In this digital-first landscape, the expectations of B2C and B2B organizations have never been so in sync. B2B audiences and stakeholders don’t just expect high-quality and accurate information, they also expect to be wowed by its presentation. Packaging impressive statistics or insightful thoughts on industry trends in a way that is consistent with your visual brand while also considering the optimal layout that makes that information most impactful is crucial in differentiating that content as well as maintaining your brand identity.
Content is one of your organization’s most valuable marketing and lead-nurturing tools – ensuring that it can stand out in the crowded market is critical in taking your business to the next level. Contact Bluetext if you’re interested in revamping your B2B content marketing strategy.
When strategizing and creating the UX of a B2B website, making informed and data-driven decisions can make or break the impact of your site. Getting the user to your site is the first step, but once they have arrived, your content and user experience are the only things standing between a standalone visit and a conversion.
Conversion Rate Optimization (CRO) is the process of strategically enhancing your website to grow conversions. Depending on your business, this could mean a variety of different things. A conversion is defined as the completion of the desired goal, and we all know goals are never one size fits all. A goal could be a form completion, direct product purchase, a resource download, or event registration. For most B2B businesses, lead generation is the top goal. This means any action on your website in which a user demonstrates interest and provides their information is a conversion. The importance of content and UX in terms of CRO cannot be overstated, and tools like A/B and multivariate testing can be leveraged to ensure all website elements are optimized for lead generation.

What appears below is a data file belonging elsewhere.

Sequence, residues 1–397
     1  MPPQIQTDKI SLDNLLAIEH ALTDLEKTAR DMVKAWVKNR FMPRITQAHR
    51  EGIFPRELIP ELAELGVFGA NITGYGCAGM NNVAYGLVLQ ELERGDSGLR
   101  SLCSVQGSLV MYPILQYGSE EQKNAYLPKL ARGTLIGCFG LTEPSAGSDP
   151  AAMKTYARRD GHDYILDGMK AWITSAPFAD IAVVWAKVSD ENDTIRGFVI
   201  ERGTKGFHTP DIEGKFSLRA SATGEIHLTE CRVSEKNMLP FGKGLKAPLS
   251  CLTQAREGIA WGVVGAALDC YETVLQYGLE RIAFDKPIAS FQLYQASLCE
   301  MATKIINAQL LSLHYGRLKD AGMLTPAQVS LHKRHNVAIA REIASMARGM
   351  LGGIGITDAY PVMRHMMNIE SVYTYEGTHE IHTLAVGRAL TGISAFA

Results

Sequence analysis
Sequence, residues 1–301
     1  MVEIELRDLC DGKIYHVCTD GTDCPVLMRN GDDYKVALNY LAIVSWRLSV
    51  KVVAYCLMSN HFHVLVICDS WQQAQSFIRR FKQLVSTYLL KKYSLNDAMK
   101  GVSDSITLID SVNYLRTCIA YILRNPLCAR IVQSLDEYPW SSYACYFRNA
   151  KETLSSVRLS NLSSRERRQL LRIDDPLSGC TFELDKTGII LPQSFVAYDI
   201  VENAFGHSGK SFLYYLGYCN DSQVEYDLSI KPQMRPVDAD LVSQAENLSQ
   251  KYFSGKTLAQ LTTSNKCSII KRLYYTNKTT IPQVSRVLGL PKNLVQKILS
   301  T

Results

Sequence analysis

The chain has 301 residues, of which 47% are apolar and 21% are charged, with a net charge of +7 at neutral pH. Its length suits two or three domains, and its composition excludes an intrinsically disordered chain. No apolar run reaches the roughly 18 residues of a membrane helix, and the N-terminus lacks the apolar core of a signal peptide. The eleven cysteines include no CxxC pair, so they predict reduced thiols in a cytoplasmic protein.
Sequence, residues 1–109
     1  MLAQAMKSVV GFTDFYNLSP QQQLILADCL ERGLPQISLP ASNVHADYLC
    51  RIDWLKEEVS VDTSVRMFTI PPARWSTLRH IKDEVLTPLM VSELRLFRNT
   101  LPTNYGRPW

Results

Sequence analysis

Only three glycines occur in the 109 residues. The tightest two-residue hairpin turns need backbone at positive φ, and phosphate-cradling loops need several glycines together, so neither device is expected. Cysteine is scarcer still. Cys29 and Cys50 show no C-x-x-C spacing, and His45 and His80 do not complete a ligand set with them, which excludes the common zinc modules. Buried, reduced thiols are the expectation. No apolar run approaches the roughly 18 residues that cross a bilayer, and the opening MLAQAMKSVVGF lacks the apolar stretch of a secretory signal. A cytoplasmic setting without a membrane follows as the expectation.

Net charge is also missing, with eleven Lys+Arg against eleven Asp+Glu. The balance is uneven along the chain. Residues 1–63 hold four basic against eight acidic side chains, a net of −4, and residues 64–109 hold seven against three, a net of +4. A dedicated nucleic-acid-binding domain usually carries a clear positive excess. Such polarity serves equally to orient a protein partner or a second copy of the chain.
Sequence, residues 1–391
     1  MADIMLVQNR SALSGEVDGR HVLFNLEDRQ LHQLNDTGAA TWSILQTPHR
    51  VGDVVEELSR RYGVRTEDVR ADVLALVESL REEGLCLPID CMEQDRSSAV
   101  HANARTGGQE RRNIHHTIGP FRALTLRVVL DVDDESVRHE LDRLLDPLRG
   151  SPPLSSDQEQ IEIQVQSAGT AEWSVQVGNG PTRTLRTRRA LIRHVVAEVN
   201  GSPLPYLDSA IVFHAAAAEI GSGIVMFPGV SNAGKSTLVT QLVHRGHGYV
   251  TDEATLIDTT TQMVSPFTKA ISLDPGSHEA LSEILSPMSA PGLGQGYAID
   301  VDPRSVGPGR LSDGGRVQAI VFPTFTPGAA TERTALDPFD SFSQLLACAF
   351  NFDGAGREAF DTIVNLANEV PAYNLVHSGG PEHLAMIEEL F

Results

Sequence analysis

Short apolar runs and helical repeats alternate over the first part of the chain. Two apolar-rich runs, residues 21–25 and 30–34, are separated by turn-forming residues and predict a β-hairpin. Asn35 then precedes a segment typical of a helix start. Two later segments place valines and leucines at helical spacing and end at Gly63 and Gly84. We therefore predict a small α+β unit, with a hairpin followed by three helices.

Types of Testing
A/B testing allows you to test the impact of one specific variable (for example, CTA button placement, CTA copy, page heading copy) to determine the most effective version of the page content and user experience. It analyzes user action on the variable page (version B) against the control page (version A) and ideally results in statistically significant insights.
Multivariate testing, on the other hand, tests multiple pages and content variables against the control page. While A/B testing gives insight into the effect of variables on an individual basis, multivariate testing reveals the collective impact of those variables and how they work together in one page design against another.
Multi-page funnel testing is similar to the aforementioned test types, however rather than testing variables on multiple versions of just one page, multi-page testing evaluates the impact of variables across the full user journey. This is helpful information, specifically when it comes to lead generation. Finding the ideal user experience and user journey across multiple pages and having the ability to analyze user actions from top of funnel activity to conversion allows you to make the most informed and well-strategized decisions when it comes to page content. If increased conversion rates are your goal, you want to be able to set yourself up for success with a data-supported UX.